But the rebellion that has followed the police murder of George Floyd is something new. It is national, it has sustained itself despite severe police repression and is a black led multi-racial movement. There has been a direct challenge to the authority of the state. Police stations have been burnt and New York City has been placed under curfew for the first time since World War 2.
Donald Trump has resorted to recycling the racist language of the segregationists of the 1960s and has appeared as a very weak leader. Some of his own supporters and officials have jumped ship.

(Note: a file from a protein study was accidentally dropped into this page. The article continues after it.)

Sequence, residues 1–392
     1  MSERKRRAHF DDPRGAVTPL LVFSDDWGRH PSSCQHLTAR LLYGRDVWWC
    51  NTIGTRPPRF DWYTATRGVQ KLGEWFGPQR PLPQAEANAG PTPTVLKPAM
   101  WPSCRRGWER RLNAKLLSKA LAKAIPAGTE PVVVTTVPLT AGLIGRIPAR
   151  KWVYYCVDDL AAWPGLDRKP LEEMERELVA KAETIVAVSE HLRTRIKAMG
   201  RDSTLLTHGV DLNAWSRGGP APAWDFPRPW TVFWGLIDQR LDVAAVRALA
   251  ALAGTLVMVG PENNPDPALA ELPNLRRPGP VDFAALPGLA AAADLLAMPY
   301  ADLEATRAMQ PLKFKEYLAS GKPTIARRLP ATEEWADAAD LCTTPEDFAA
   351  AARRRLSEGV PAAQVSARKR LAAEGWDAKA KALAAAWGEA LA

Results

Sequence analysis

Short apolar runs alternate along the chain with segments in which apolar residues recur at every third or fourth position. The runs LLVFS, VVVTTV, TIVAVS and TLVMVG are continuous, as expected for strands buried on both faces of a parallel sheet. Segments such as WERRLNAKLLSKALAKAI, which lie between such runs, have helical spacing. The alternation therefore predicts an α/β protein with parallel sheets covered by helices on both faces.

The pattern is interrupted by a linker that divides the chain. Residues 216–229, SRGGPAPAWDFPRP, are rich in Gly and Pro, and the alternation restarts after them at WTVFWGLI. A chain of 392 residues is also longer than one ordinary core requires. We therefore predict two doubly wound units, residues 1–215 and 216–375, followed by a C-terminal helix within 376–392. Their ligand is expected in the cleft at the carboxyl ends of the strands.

More than a few commentators have made comparisons with the Arab Spring in 2011 and wondered if there is now a real possibility of a fundamental shake up of the political order in the United States. It is too early to draw any definitive conclusion but if protests can be sustained, can cohere around a central demand and hold space in the central parts of the main cities it could be very difficult for Trump to swiftly get things back to ‘business as usual’.
A number of commentators have noted that in the US the election of black mayors, the appointment of black police chiefs, and even the election of a black president, did not stop racist police violence. It is increasingly being argued that this points to the limits of electoral politics and the need for forms of organisation and contestation outside of the electoral arena.